Sundown. The day's end, the mutant Acara mused.
He had been perched atop the gazebo for half an hour now. Even he had to concede, the dust in his home was somewhat of a bother after three hours. He had went out merely to take some fresh air, but the sight of the city below him atop the gazebo grabbed his attention.
Lazcus had been living in Shenkuu's region for all of his life. Born to foreigners who had supposedly abandoned him at birth, he had been taken in by a kindly shopkeeper by the name of Hui. The red Bori had acted as both his father, and his friend. His decision to start a library had been directly influenced by Hui's occupation of running a bookstore. They had regularly sent letters to each other when he moved out, but they were slowly getting less and less frequent.
The Acara laid wistful for a few more minutes, before dusting off his blue robe and heading back. Red ambiance seeped into the environment, and the path home was tinted with the radiance of the evening sky.
The moment the slide doors opened, a squeal emerged from within.
The faerie kazeriu flew to her owner, affectionately rubbing her head against his cheek. The tiny glyme hanging onto the petpet's fur almost seemed to be smiling as well.
The Acara softly petted the creature's fur. "Hello, Vali."
The kazeriu ceased it's actions and flew to the desk on the other side of the room. It settled down on the wood and nudged at a small piece of paper.
Lazcus walked forward and took the slip. It was dainty; fragile even. Even the slightest amount of pressure seemed to crinkle it.
Carefully, the Acara held it between both his paws and read it:
I wish to speak with you. Please come to me as soon as you read this.
The moment he finished reading the last word, the paper instantly dissolved into bubbles and foam. The Acara shook his now damp hands with annoyance.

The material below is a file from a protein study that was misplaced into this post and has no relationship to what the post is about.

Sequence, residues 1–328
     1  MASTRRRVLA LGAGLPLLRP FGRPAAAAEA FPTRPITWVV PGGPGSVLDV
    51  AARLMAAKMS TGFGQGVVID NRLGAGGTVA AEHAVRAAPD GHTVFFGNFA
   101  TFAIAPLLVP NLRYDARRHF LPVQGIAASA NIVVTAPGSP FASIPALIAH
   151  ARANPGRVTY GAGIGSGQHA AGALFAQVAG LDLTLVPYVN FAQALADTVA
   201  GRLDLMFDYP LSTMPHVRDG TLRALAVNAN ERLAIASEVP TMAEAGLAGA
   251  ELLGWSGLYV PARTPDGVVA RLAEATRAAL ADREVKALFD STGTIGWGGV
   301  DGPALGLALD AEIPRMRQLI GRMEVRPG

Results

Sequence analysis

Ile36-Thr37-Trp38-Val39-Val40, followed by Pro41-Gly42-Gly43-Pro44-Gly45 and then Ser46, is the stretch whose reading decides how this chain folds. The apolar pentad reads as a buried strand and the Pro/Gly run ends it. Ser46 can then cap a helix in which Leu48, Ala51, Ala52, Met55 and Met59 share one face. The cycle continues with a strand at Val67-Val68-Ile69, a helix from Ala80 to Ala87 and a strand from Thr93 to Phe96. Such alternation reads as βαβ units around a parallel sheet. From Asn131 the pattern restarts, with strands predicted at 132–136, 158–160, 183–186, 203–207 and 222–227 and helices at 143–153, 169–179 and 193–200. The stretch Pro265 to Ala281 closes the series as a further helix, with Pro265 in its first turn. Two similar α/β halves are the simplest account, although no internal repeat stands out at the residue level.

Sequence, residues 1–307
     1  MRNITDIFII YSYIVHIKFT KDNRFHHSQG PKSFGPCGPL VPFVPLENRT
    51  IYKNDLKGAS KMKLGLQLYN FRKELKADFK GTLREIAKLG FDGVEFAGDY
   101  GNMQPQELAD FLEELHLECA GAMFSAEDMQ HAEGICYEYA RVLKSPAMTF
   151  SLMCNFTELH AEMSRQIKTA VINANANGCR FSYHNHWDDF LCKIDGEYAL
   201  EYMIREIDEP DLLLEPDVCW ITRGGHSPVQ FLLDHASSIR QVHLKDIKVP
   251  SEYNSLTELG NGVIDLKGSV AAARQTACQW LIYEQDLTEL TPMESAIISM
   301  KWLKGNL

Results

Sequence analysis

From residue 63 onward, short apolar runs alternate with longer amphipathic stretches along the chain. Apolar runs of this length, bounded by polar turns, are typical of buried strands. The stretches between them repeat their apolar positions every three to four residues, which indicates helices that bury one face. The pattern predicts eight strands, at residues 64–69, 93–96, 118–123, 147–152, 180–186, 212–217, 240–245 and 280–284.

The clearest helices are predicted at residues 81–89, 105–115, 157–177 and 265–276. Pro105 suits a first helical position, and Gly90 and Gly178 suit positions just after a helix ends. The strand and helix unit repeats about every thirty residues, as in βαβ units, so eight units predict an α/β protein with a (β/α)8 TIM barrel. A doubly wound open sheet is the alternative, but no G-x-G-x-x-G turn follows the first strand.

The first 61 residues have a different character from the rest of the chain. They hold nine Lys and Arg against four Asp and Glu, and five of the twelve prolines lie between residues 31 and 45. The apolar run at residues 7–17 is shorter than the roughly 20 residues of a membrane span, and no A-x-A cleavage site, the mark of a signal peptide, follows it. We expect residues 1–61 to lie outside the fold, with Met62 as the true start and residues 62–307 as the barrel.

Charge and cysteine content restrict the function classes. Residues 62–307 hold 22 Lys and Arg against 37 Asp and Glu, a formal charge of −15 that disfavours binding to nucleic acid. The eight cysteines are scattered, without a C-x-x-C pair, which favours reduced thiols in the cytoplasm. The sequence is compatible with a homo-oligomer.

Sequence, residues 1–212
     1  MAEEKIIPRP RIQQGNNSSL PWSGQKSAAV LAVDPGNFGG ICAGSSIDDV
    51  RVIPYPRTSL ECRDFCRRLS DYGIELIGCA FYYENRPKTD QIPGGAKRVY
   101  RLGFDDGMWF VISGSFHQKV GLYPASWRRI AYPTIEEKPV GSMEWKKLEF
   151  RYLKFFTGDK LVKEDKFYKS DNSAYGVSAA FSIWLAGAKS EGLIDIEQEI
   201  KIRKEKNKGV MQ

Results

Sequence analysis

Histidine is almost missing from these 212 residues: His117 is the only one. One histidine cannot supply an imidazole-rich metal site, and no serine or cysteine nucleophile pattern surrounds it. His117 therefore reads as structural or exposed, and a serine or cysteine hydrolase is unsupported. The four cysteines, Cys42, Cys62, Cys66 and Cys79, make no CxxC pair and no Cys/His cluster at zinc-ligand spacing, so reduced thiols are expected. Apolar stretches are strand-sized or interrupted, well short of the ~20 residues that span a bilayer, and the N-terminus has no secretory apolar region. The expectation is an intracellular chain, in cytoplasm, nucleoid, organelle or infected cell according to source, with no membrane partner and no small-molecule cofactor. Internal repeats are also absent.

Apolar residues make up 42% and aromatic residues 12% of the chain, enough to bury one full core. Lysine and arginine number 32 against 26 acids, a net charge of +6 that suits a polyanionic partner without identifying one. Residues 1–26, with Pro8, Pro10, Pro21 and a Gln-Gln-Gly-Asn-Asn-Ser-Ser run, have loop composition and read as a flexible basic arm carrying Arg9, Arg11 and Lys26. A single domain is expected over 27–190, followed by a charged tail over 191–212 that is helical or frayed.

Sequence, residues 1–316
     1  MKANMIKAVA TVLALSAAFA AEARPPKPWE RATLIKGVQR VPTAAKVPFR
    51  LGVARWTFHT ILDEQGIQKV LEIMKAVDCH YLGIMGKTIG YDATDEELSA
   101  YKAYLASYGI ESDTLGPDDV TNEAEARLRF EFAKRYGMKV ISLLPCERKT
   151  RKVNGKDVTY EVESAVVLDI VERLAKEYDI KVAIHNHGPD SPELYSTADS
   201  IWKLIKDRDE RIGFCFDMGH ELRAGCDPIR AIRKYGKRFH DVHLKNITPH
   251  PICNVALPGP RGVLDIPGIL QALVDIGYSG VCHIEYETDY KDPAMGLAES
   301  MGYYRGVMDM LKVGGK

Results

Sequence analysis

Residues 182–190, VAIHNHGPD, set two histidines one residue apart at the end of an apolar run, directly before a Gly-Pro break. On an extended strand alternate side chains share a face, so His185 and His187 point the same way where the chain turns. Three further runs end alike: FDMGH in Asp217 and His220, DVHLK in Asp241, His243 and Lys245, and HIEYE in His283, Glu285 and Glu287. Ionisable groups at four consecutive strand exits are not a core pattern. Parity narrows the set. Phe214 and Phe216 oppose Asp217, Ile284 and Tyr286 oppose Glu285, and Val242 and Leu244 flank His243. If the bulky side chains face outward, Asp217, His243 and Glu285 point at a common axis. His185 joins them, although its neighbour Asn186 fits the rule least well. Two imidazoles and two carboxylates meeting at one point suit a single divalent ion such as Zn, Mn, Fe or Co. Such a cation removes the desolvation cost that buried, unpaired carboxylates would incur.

He only knew one pet; nay, being, who had the ability to do something like that. He rubbed his temples.
Lazcus sighed. "That wretched water spirit..."
By the time the Acara was almost to the top of the mountain, it was midnight.
Lazcus cursed under his breath. Mizuhami had a reputation of whisking him away at a moments notice. Why him and only him, he wasn't aware.
But despite his frustration, he knew it best not to stall any of her summons. She was confined to her lake, but she was persistent. Should he had gone to sleep, he knew that he would have woke up to hundreds of the same letter he had received before. Even if he had gone elsewhere, she could see wherever he was from the magic of her water. It was better to get it over with, was his reasoning.
As he glanced up, he saw the first telltale sign of her abode. All the trees in the remainder of the path were dyed a deep blue, their leaves azure as both pink and purple blossoms adorned the branches. All the while, they emitted a light blue glow that banished the murk of the late night.
Even he had to admit, the sight was beautiful. This was the influence pure magic could have on nature.
Before long, he arrived at his destination. The lake was sparkling in the night, the moon's visage reflected on the water, the lilies in the water glowing white. A faerie hegelob slept under the large wooden bridge on the lake's right side. And at the center of it all, was her.
The water Kyrii sat on a lily pad, silently causing ripples in the water with a whisk of her finger. Her staff lay on her lap, carefully balanced. She seemed lost in thought, a rarity for Lazcus.
The Acara held a paw to his mouth, and coughed. The spirit turned just as soon as the sound reached her.
She smiled. "Why hello. I'm happy you could make it."
The flames on the Acara's head started to blaze. "Please explain exactly why you summoned me."